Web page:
Tire Iron #16 7/12/01
Yves Tanguy: Retrospective
The Menil Collection, Houston
1 June - 16 September, 2001

As the first paragraph of the Menil's brochure mentions, Tanguy's paintings have been criticized for their uniformity. OK, it's true; after 1933 they're all more or less the same. So what? It's only a problem if you hang a room full of them together. Tanguy's work is unusually consistent, but consistently good; his later blobs are as intricate and curious as his first ones. There are not many duds in the show, just a surfeit of very similar, very odd paintings, any one of which would look fine alone.

Tanguy was self-taught, and after his initial cubist experiments spent a couple of interesting years playing with paint texture and technique before settling down to the rocks-on-a-lonely-beach compositions which make up most of the show. In 1927-29, Tanguy had discovered painting but had not yet mastered it, experimenting with a rich vocabulary of abstract illusionist techniques that he mostly dropped in his later work. Restless, unselfconscious experiments with scrubbing, scratching, dripping and rubbing produced Tanguy's best paintings. In On Sonne (Someone is Ringing), squiggly brushstrokes do double duty as a pair of woolly legs and the trunks of windswept trees. In the background, thin white lines scratched into a scrubbed-in gray cloud wave like microscopic cilia. Dry-brushed smudges become vapors, storms and ghosts. Scratched-in lines are whiskers, cobwebs or radiations.

After 1933, Tanguy settles into his signature formula: creating endless gloomy landscapes and populating them with Bosch-like crowds of bizarre mental furniture. Dirty, dreary and flaccid (I mean this in a good way), Tanguy's later paintings partake of the common surrealist pathos — the conviction that the subconscious is a dark, perverted place, populated by monsters. Within the superficially similar framework of each painting lies an abstract, mechanistic soap opera, crowded with the unique characters and situations that were Tanguy's main interest. Some blobs are heroic, some comic, elegant, disfigured, or pathetic. Some are animal, some vegetable, some mineral. Divisibilité Indéfinie from 1942 is one of the more overtly figurative: two groupings of bonelike biomorphs might suggest the artist at his easel (or a hundred other situations). Tanguy's microscopic vision focuses exclusively on the details of his little rock formations, orchestrating their shapes and interconnections with the hermetic intensity of a child assembling Tinkertoys.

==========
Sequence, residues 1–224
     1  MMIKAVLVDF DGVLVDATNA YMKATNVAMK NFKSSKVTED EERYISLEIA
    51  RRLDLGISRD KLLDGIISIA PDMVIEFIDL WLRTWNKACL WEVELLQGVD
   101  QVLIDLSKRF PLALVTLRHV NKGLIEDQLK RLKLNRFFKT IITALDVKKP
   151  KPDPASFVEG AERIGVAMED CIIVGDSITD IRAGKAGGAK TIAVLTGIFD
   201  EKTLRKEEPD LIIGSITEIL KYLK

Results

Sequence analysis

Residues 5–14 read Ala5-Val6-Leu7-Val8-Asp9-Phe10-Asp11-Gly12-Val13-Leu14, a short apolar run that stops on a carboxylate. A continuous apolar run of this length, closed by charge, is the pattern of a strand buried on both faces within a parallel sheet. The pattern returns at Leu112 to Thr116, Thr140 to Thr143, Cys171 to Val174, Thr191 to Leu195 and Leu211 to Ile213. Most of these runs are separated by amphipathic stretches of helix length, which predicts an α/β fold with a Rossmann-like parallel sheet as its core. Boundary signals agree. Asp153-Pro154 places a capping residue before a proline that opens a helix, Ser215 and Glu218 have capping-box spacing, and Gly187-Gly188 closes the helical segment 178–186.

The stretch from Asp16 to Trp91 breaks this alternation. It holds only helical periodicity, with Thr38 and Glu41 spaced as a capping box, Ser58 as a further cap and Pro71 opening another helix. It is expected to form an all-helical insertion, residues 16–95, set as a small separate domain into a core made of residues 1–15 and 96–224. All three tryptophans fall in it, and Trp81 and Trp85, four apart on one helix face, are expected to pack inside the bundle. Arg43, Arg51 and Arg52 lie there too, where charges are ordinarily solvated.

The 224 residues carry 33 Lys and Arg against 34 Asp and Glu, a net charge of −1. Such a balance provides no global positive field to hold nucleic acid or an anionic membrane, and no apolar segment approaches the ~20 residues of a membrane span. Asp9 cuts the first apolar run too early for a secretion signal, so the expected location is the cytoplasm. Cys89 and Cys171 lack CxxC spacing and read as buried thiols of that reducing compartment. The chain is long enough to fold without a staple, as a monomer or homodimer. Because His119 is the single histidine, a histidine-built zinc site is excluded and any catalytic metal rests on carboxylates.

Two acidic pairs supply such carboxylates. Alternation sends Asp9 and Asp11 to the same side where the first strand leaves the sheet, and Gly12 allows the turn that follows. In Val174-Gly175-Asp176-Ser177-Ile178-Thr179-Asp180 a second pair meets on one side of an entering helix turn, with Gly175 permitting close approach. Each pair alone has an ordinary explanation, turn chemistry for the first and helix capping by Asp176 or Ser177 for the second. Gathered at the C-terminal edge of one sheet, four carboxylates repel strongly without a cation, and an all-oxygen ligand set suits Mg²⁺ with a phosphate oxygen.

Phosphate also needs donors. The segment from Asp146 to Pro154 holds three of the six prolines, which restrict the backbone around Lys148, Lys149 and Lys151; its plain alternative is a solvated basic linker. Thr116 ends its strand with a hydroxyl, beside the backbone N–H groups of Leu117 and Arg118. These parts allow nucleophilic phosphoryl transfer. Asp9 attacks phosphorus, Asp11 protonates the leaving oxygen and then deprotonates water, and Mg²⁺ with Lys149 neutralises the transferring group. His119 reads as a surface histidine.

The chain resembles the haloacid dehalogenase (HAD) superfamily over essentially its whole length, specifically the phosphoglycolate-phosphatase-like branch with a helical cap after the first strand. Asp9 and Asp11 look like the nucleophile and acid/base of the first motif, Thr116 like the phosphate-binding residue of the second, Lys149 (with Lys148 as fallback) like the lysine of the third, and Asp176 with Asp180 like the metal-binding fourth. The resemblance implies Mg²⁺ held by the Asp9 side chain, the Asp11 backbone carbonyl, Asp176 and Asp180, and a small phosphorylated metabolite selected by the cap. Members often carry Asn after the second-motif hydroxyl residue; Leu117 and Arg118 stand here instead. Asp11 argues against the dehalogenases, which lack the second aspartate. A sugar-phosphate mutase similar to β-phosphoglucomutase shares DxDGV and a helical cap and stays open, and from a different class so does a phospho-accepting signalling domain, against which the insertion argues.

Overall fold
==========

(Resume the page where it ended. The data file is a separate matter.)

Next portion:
- Bill Davenport


Bill Davenport is an artist and writer from
Houston, whose quirky objects have appeared
in many shows everywhere. Visit his website at
www.billdavenport.com

All imges courtesy The Menil Collection.

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Tire Iron #1: Lisa Ludwig & Karim Rashid
Tire Iron #2: Donald Lipski and Lawing Gallery
Tire Iron #3: Katy Heinlein and the CAM
Tire Iron #4: Sarah Nix Ginn and Navajo Blankets
Tire Iron #5: Al Souza and Pop art at the Menil
Tire Iron #6: John Pomara & Inman Gallery
Tire Iron #7: Colorforms at Lawndale Art Center
Tire Iron #8: Live Oak Friends Meeting House

Tire Iron #9: 2001 Core Fellow Exhibition at Glassell
Tire Iron #10: What's Hot in San Antonio

Tire Iron #11: Star Wars at the MFAH
Tire Iron #12: Uta Barth at Lawing Gallery & the CAM
Tire Iron #13: Big as Texas at DiverseWorks

Tire Iron #14: Lauren Kelley at DiverseWorks
Tire Iron #15: Brad Tucker at Inman Gallery

 

 

 


Yves Tanguy, Le Questionnant (The Doubter)
1937, oil on canvas


Yves Tanguy, Disivibilié Indefinié (Indefinite Visibility)
1942, oil on canvas


Yves Tanguy, La Main des Nuages (The hand of the clouds)
1927, oil on canvas


Yves Tanguy, On Sonne (Someone is ringing)
1927, oil on canvas

 

Tanguy links:
Nice big pics of paintings
Books on Tanguy
Yves bio
Weird site in french with Tanguy's horoscope
More stuff in french
A poem apparently inspired by Tanguy (?)
Tanguy page with glossary
Buy a Tanguy poster!

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